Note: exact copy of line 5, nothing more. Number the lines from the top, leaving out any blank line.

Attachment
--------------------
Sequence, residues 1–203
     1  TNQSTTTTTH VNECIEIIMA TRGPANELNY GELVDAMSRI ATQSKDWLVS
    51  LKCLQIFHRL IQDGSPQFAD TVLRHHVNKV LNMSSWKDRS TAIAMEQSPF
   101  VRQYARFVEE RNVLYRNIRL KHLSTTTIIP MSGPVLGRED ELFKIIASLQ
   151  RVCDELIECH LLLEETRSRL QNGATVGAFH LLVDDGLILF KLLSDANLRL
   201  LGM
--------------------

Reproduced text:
   151  RVCDELIECH LLLEETRSRL QNGATVGAFH LLVDDGLILF KLLSDANLRL